Tuesday night's winter storm alone brought hurricane-force winds, rain, sleet, hail and snow within a few short hours. At other times the temperature has been in the teens one day and in the 60s the next.
"It definitely has been a wild winter," WTWO Head Meteorologist Jesse Walker said. "There is another storm expected to come in late Thursday or early Friday which has a good possibility of bringing more snow to the area."
Walker said while it is difficult to gauge just how much snow the area could see, the storm could easily drop four or more inches of snow.
"It will bring a quick burst of cold and snow as it is not terribly cold behind the front," he said. "By the weekend temperatures should be back up into the 40s and melt off the leftover snow."
Following this storm will come another one expected to arrive sometime Monday or Tuesday, but the winter weather could miss Clay County.
"The front for next week's storm should be coming on land from the Pacific Ocean at any time," Walker said. "When it does we can send out weather balloons to gauge what might happen, but at this time it looks like it could head north of the area. However, even if the worst of it misses us, it could still bring sleet or a rain event."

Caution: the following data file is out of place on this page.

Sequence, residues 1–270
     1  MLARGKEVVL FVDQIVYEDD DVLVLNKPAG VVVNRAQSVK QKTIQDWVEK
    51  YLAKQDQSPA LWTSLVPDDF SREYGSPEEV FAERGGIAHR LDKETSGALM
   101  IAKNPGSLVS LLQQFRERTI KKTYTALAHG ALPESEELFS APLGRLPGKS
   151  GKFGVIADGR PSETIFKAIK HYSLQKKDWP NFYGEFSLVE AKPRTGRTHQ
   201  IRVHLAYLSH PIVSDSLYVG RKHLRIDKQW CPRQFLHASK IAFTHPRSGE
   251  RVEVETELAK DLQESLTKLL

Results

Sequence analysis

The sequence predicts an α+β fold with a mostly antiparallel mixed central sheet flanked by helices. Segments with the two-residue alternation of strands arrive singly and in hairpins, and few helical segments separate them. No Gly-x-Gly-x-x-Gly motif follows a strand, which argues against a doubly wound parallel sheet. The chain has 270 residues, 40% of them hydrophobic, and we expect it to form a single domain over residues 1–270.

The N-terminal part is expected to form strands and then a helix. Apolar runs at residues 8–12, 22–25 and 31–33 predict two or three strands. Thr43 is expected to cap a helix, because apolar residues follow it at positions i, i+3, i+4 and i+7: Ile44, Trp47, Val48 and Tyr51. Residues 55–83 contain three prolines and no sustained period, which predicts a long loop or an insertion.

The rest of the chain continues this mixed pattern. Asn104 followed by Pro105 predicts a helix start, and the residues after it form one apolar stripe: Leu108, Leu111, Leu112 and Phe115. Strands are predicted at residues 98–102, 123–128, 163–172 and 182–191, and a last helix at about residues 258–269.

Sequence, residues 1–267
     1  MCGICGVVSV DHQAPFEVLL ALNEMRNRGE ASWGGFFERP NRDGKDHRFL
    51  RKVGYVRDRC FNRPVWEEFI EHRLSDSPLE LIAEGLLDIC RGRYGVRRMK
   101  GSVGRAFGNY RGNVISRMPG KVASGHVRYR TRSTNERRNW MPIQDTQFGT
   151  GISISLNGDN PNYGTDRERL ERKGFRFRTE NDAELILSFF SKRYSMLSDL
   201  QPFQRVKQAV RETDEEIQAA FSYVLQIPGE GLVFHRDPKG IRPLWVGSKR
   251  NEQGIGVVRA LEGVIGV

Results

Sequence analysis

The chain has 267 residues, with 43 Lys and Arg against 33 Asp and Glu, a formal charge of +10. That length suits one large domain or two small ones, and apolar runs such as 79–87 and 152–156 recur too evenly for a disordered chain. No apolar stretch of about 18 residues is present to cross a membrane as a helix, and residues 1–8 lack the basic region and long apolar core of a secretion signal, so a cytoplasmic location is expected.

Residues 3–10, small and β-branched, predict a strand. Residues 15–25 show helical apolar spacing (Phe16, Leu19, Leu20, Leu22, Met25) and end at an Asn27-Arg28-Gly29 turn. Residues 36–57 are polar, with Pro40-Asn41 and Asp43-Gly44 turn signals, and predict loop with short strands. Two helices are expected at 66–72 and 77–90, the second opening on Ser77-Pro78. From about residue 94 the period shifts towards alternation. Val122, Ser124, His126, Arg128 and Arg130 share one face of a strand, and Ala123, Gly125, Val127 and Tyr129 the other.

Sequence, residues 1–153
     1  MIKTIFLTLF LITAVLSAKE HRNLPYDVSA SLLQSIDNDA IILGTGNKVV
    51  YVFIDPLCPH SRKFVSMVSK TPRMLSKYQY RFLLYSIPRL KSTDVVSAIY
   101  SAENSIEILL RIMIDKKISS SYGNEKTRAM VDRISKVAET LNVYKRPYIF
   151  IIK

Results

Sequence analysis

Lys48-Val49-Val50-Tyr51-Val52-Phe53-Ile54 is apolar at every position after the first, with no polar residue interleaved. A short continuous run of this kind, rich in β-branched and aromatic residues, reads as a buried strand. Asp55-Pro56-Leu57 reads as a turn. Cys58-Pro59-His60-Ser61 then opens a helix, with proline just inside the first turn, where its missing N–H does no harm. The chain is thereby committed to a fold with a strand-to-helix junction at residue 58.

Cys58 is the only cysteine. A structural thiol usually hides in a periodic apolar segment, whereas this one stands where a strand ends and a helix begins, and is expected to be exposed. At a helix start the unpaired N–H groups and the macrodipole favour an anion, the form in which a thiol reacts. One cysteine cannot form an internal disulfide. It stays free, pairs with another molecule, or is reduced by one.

Every year, Walker puts together a winter outlook, predicting what each winter could bring.
He studies ocean temperature profiles, worldwide volcanic activity and whether El Niņo or La Niņa is affecting the world's weather.
Another factor Walker takes into account when putting together his outlook is analog years. These are years where certain factors may be similar to the upcoming one, allowing for a more accurate forecast to be possible.
"The analog years I found to be closest to what this year could be were 1970-71, 1988-89 and 1998-99," he said. "This year, La Niņa is prominent and I also use the Southern Oscillation Index to estimate how weather will be affected."
When it comes to the "greenhouse effect," Walker has his own thoughts.
"There is a debate as to what causes the greenhouse effect," Walker said. "To me, it is a cyclical process and the weather is just going through a warm cycle in recent years. The 1970's were cold, the 80s were snowy the 90s were warmer than usual and we are now starting to go back to the colder weather."
He said analyzing this cyclical pattern also assists him in organizing the winter forecast.
Walker foresees the majority of February being warmer and drier than usual, then turning to cold and stormy in late February and well into March.
"March should be colder than it has been in recent years and there very well could be snow in the forecast sometime during the month as it has happened in the past," Walker said, citing that a foot of snow fell on March 20, 1996. "As we move into April and May, precipitation levels should return to normal."
Needless to say, the wild weather is expected to continue during the next few months.
"There is going to be a late start to spring this year," Walker said.